Monday, November 29, 2004

Generals Consensus

Would a person who volunteered for combat, served honorably, and then was given medals for his service allow himself to be led around by the nose by a bunch of criminally inept hooligans and have no way of stopping it though he would presumably be the most powerful person in the world, or would a person with that experience -- knowing battle, understanding the importance of troop strength and allied support -- make reasoned decisions, challenging his advisors, military and civilian, to engage the hard questions so that success (for Iraq and America) could be reached? [This is presuming we would be in a war in the first place, which we obviously would not.] I'm just askin'.

Let's hear it from those who know a thing or two about this war business:

Gen. Merrill "Tony" McPeak
Air Force chief of staff, 1990-94
The people in control in the Pentagon and the White House live in a fantasy world. They actually thought everyone would just line up and vote for a new democracy and you would have a sort of Denmark with oil. I blame Defense Secretary Donald Rumsfeld and the people behind him -- Deputy Defense Secretary Paul Wolfowitz and Undersecretary Douglas Feith. The vice president himself should probably be included; certainly his wife. These so-called neocons: These people have no real experience in life.

Adm. Stansfield Turner
NATO Allied commander for Southern Europe, 1975-77; CIA director, 1977-81
I think we are in a real mess. ...We have lost the support of the Iraqi people who were glad to see Saddam go. ...Whatever you call it, this is now an insurgency using the techniques of terrorism. With the borders poorly guarded, the terrorists come in. All in all, Iraq is a failure of monumental proportions.

Lt. Gen. William Odom
Director of the National Security Agency, 1985-88
It's a huge strategic disaster, and it will only get worse. The sooner we leave, the less the damage. In the months since the invasion, the U.S. forces have become involved in trying to repress a number of insurgency movements. This is the way we were fighting in Vietnam, and if we keep on fighting this way, this one is going to go on a long time too. The idea of creating a constitutional state in a short amount of time is a joke. It will take ten to fifteen years, and that is if we want to kill ten percent of the population.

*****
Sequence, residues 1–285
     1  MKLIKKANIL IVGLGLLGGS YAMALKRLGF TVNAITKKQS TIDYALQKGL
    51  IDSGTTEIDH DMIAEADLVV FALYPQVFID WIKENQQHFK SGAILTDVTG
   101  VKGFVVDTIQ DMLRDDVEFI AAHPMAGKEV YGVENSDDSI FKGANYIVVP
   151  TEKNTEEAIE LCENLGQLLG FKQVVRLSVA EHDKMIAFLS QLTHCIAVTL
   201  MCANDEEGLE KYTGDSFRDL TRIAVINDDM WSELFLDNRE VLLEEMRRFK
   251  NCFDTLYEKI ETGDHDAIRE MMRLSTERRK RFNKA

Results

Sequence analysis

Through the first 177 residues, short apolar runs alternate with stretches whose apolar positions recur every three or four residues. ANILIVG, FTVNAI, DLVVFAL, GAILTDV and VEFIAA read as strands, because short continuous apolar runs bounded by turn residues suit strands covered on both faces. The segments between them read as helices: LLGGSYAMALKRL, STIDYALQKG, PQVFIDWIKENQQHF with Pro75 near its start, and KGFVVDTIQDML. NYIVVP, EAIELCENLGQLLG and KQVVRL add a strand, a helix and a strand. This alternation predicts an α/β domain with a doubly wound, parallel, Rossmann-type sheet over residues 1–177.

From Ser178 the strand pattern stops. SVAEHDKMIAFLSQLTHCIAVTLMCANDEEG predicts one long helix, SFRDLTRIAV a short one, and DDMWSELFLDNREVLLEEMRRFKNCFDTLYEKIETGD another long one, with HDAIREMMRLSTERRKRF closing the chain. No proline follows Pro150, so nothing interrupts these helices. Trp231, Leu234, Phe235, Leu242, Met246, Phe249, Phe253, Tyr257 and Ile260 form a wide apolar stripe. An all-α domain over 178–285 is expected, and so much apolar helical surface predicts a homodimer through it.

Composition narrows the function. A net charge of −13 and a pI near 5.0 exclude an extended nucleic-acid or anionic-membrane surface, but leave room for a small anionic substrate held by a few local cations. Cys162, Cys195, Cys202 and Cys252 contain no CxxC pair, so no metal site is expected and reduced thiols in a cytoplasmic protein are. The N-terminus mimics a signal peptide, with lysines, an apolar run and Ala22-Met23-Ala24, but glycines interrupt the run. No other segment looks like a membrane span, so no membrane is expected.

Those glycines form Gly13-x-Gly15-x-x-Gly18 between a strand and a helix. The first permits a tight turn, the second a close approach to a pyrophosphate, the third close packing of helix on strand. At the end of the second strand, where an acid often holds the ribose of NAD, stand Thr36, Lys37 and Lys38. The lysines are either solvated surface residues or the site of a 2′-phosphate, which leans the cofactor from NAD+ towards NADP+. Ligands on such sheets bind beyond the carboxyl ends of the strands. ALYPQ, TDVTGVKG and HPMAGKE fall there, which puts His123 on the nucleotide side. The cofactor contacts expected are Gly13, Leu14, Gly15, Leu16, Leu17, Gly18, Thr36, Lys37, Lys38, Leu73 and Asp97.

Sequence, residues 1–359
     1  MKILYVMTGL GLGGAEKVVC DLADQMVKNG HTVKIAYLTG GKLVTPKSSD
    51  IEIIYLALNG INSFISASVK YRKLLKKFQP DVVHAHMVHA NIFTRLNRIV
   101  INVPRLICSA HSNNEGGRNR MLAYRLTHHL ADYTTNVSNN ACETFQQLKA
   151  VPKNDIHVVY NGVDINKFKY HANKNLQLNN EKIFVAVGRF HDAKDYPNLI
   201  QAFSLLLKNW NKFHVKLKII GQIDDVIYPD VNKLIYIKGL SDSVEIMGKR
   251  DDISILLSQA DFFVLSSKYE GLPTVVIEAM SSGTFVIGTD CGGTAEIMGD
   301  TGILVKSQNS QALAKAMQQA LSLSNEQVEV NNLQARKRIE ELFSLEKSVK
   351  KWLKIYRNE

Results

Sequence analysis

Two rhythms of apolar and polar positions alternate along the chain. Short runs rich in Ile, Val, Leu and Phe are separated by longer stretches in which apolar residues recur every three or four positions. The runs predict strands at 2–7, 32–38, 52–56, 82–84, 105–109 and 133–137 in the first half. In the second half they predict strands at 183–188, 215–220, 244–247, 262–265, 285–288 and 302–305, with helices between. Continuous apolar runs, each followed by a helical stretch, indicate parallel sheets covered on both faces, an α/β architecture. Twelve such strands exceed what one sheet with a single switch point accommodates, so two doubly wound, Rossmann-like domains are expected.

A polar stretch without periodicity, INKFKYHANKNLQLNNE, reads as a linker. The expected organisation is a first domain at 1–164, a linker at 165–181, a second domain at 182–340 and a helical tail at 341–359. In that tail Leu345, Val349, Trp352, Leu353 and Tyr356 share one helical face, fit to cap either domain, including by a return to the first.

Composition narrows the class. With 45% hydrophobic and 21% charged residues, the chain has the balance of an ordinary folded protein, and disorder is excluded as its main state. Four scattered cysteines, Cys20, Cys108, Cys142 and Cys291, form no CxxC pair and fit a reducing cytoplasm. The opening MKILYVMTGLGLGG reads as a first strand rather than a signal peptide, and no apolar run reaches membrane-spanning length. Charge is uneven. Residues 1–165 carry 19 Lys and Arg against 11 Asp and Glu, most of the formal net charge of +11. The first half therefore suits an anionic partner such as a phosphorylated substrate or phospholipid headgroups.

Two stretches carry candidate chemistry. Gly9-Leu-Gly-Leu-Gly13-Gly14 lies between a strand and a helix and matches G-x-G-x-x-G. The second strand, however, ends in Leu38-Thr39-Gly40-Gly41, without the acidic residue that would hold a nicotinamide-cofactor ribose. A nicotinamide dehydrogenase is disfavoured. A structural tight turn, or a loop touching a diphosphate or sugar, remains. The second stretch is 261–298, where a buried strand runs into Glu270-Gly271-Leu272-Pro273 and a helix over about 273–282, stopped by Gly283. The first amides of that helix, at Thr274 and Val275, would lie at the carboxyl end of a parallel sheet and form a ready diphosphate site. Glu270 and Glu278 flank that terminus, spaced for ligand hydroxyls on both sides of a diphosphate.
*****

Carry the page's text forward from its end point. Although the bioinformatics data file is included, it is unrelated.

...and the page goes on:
Gen. Anthony Zinni
Commander in chief of the United States Central Command, 1997-2000
Did we have to do this? I saw the intelligence right up to the day of the war, and I did not see any imminent threat there. If anything, Saddam was coming apart. The sanctions were working. The containment was working. He had a hollow military, as we saw.

Lt. Gen. Claudia Kennedy
Army deputy chief of staff for intelligence, 1997-2000
From the beginning, i was asked which side I took, Shinseki's or Rumsfeld's. And I said Shinseki. I mean, Rumsfeld proudly announced that he had told General Franks to fight this war with different tactics in which they would bypass enemy strongholds and enemy resistance and keep on moving. But it was shocking to me that the secretary of defense would tell the Army how to fight. He doesn't know how to fight; he has no business telling them. It's completely within civilian authority to tell you where to fight, what our major objective is, but it is absolutely no one's business but uniformed military to tell you how to do the job. To me, it was astonishing that Rumsfeld would presume to tell four-star generals, in the Army thirty-five years, how to do their jobs.

Gen. Wesley Clark
NATO supreme Allied commander for Europe, 1997-2000
Troop strength was not the only problem. We got into this mess because the Bush administration decided what they really wanted to do was to invade Iraq, and then the only question was, for what reason?

Adm. William Crowe
Chairman of the Joint Chiefs of Staff, 1985-89
We screwed up. we were intent on a quick victory with smaller forces, and we felt if we had a military victory everything else would fall in place. We would be viewed not as occupiers but as victors. We would draw down to 30,000 people within the first sixty days.

All of this was sheer nonsense.They thought that once Iraq fell we'd have a similar effect throughout the Middle East and terrorism would evaporate, blah, blah, blah. All of these were terrible assumptions. A State Department study advising otherwise was sent to Rumsfeld, but he threw it in the wastebasket.

More at The Generals Speak...
Dissents and Laments


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